Luke 9:25

ESV For what does it profit a man if he gains the whole world and loses or forfeits himself?
NIV What good is it for someone to gain the whole world, and yet lose or forfeit their very self?
NASB For what good does it do a person if he gains the whole world, but loses or forfeits himself?
CSB For what does it benefit someone if he gains the whole world, and yet loses or forfeits himself?
NLT And what do you benefit if you gain the whole world but are yourself lost or destroyed?
KJV For what is a man advantaged, if he gain the whole world, and lose himself, or be cast away?

What does Luke 9:25 mean?

The disciples thought they had the whole world in front of them. Their rabbi is the Jewish Messiah. The purpose of their version of Messiah is to restore the nation and drive out its enemies. He is expected to bring peace, prosperity, and the respect of other kingdoms. As the Messiah's closest followers, the disciples would rule with Him. They think they are following the lesson of this verse. Later, Luke will describe three interactions Jesus has with potential disciples (Luke 9:57–62). He tells them what it will cost. The Twelve have already agreed to live an itinerant lifestyle and abandoned comfort and even family obligations for a while.

Jesus is telling them that sacrifices are the beginning; following Him requires more. They must publicly affirm Him and His message to the point of crucifixion (Luke 9:23).

Matthew and Mark put a finer point on the situation. Those who reject Jesus risk losing their souls (the same Greek word Luke used in the previous verse translated as "life"): not just their bodies or reputation or earthly accolades, but their entire being. There is nothing a person can gain in this world that is worth losing his or her soul (Matthew 16:26; Mark 8:37–38). Better to have a dead body—which was going to die someday, anyway—than suffer separation from God for eternity. We may postpone the deaths of our bodies for a time, but only submitting ourselves to Christ fully will ensure real life: "You keep him in perfect peace whose mind is stayed on you, because he trusts in you" (Isaiah 26:3).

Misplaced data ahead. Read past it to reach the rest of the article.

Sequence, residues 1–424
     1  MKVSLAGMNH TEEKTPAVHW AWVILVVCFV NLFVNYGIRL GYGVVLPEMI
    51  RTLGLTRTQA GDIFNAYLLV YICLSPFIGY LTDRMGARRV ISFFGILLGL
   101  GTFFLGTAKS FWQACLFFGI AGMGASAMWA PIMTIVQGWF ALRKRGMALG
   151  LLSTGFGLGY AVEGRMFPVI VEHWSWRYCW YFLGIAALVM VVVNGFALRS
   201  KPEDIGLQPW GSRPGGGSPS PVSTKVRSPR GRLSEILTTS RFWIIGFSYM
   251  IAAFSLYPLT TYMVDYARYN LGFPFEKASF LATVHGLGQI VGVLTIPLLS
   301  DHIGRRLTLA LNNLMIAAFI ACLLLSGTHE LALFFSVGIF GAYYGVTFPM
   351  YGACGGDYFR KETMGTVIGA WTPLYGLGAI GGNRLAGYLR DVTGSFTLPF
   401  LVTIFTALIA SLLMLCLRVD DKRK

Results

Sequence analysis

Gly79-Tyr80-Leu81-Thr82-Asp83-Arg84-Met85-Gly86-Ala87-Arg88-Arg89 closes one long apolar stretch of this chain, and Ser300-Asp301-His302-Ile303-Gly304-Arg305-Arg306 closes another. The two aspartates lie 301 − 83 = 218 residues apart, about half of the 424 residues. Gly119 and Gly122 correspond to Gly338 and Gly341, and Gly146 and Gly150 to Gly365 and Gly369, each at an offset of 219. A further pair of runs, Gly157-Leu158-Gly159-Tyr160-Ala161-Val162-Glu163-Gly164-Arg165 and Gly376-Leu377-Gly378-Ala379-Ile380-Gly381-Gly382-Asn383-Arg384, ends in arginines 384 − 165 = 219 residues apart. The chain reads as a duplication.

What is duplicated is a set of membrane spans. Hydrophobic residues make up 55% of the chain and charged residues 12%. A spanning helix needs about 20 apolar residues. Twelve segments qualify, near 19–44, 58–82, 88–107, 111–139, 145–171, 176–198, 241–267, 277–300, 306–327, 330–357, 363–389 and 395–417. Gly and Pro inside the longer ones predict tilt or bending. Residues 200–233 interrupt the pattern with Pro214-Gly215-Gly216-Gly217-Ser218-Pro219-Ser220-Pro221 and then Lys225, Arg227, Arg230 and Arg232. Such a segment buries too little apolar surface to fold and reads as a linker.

As do teachers in every era, messengers in the Bible, including Jesus, use "rhetorical" questions. The intended meaning is a statement, even if it's phrased as a question. This statement is clear: "It profits a man nothing if he gains the whole world and loses or forfeits himself." Jim Elliot said it this way: "He is no fool who gives what he cannot keep to gain what he cannot lose."
What is the Gospel?
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